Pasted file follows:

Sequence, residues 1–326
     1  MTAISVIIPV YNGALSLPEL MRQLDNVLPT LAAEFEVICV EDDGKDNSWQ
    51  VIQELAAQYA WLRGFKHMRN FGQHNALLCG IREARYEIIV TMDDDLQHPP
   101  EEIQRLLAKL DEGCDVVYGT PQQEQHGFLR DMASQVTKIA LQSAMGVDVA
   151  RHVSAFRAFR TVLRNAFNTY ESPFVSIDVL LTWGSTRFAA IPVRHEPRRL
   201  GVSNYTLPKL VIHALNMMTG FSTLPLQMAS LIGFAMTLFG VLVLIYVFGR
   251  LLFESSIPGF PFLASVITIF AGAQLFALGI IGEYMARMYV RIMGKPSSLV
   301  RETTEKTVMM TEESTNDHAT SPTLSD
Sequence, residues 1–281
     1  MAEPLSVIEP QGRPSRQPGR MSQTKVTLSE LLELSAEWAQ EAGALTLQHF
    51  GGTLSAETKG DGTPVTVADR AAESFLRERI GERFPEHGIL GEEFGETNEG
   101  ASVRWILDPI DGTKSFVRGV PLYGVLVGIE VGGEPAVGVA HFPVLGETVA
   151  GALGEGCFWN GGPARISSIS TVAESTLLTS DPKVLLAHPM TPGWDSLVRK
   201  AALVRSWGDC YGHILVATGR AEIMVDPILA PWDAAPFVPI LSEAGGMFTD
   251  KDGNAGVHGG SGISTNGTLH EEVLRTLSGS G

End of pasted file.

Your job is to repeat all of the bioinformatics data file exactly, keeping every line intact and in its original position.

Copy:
Sequence, residues 1–326
     1  MTAISVIIPV YNGALSLPEL MRQLDNVLPT LAAEFEVICV EDDGKDNSWQ
    51  VIQELAAQYA WLRGFKHMRN FGQHNALLCG IREARYEIIV TMDDDLQHPP
   101  EEIQRLLAKL DEGCDVVYGT PQQEQHGFLR DMASQVTKIA LQSAMGVDVA
   151  RHVSAFRAFR TVLRNAFNTY ESPFVSIDVL LTWGSTRFAA IPVRHEPRRL
   201  GVSNYTLPKL VIHALNMMTG FSTLPLQMAS LIGFAMTLFG VLVLIYVFGR
   251  LLFESSIPGF PFLASVITIF AGAQLFALGI IGEYMARMYV RIMGKPSSLV
   301  RETTEKTVMM TEESTNDHAT SPTLSD
Sequence, residues 1–281
     1  MAEPLSVIEP QGRPSRQPGR MSQTKVTLSE LLELSAEWAQ EAGALTLQHF
    51  GGTLSAETKG DGTPVTVADR AAESFLRERI GERFPEHGIL GEEFGETNEG
   101  ASVRWILDPI DGTKSFVRGV PLYGVLVGIE VGGEPAVGVA HFPVLGETVA
   151  GALGEGCFWN GGPARISSIS TVAESTLLTS DPKVLLAHPM TPGWDSLVRK
   201  AALVRSWGDC YGHILVATGR AEIMVDPILA PWDAAPFVPI LSEAGGMFTD
   251  KDGNAGVHGG SGISTNGTLH EEVLRTLSGS G